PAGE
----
Flying Ant Day 2017: what is it and how to deal with an insect invasion?

Is it a bird? Is it a plane? No, it’s a flying ant! The UK will soon be under attack from millions of flying ants – here’s how to deal with them.

The warm, balmy weather may be nice – but it brings with it something far less pleasant: swarms of flying ants.

Millions of the tiny winged critters will soon be spotted all over the country on what's dubbed Flying Ant Day.

They seem to occur at the same time everywhere in the UK when the weather warms up, because the warm air and long nights make perfect conditions for young queen ants to leave the nest to mate and then start their own colony.

Each year, normally in July or August, huge numbers of flying ants – males and young queens – suddenly appear on a ‘nuptial flight’. They are simply regular ants – probably black garden ants – that develop wings during the mating season and then mate during flight.

Most people will just lock themselves indoors at the first sign of a swarm of flying ants, but the Society of Biology says that if you took the time to look carefully at the swarm, you'll see that some are much larger than others.

These are the queens, and the large numbers of males they fly with, both from her nest and others, means there's a very high chance she'll be able to mate with a male from another nest and start her new colony.

Once the males and immature queens have mated mid-air, the queens lose their wings and start a new nest underground. After a ‘flying ant day’ you can sometimes see large queen ants walking around on their own, looking for somewhere to nest.

The males are only produced during flying ant season and don’t do any work in the nest: their only job is to mate with new queens, and they only live for a day or two after the mating flights.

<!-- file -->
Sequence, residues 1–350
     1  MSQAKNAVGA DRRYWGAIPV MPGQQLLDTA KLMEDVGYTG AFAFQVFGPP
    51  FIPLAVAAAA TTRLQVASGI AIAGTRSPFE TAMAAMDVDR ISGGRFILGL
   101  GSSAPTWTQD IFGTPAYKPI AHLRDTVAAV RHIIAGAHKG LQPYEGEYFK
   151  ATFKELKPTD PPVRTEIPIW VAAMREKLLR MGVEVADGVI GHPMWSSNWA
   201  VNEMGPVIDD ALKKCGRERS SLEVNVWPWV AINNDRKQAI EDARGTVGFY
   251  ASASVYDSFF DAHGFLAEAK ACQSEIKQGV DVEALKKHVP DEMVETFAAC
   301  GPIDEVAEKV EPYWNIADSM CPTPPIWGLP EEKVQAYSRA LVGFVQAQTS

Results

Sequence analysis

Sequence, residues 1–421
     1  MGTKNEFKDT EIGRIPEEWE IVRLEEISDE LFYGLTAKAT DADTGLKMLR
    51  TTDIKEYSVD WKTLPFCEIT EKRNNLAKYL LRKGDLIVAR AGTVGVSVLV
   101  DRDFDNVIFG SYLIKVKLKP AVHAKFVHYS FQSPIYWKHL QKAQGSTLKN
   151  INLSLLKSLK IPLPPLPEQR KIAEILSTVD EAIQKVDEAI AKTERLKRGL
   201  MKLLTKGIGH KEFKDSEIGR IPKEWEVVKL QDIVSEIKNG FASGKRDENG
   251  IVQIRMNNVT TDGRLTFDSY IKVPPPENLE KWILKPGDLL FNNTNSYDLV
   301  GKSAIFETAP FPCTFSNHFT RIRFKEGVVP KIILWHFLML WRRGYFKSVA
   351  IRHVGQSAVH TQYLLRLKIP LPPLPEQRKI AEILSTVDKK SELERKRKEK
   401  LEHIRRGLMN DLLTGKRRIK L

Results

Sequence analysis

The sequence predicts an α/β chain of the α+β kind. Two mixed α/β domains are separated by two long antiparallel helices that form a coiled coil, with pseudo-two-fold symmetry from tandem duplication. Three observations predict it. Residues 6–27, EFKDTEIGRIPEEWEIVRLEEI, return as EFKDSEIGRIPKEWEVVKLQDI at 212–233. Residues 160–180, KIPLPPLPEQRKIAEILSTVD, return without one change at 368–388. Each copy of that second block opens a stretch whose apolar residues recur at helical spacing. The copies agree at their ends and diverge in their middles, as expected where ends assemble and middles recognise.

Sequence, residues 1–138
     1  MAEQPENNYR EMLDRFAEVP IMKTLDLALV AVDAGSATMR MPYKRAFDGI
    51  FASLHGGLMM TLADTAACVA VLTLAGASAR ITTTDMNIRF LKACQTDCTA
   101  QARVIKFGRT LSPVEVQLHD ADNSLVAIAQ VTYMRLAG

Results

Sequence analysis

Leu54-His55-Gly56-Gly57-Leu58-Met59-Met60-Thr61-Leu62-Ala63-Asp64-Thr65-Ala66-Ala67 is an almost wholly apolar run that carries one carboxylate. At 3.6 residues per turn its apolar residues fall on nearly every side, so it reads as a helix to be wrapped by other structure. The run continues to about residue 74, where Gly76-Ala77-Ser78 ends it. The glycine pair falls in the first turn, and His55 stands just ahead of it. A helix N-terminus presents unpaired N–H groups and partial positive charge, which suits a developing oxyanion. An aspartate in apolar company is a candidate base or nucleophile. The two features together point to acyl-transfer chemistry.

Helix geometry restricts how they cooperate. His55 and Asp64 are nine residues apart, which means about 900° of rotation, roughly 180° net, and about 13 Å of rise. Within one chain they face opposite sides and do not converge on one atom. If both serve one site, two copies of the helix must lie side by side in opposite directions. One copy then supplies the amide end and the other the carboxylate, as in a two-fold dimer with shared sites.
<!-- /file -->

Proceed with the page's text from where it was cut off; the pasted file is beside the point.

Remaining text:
The Society of Biology runs a flying ant survey, which has previously discovered there's a month of high flying ant activity in the UK, with four distinct peaks.

Reasons to hate flying ants

• They swarm in millions.
• Their swarms have been known to halt sporting events like golf and cricket.
• They can bite, although flying ants aren't aggressive and are more interested in mating.
• They can get stuck in your hair, on your clothes and on car windscreens.

Reasons to love flying ants

• They're predators and scavengers who will eat insects, spiders and other small invertebrates.
• Flying ants provide a vital food resource for many species of birds, particularly swifts and gulls.
• When a female finds an ant to mate with, she'll play kiss-chase by flying away from the male. But rather than being a tease, she's simply ensuring her suitor is fit and fast enough to catch her.
• Their flying swarms disappear within a day.
• Ants have the largest brains of all insects, and are strong enough to carry up to seven times their own body weight.

How to get rid of flying ants

• Use an ant-killer spray.
• Spray them with diluted washing up liquid.
• Lay double-sided sticky tape near a food source.
• Combine equal parts borax and sugar with water to make a paste, and spread it on a piece of cardboard where ants fly. Borax is highly toxic to ants, but if you mix it with sugar the ants won't detect the poison and will carry the borax back to the colony. But be careful, as borax is toxic to children and pets, too.


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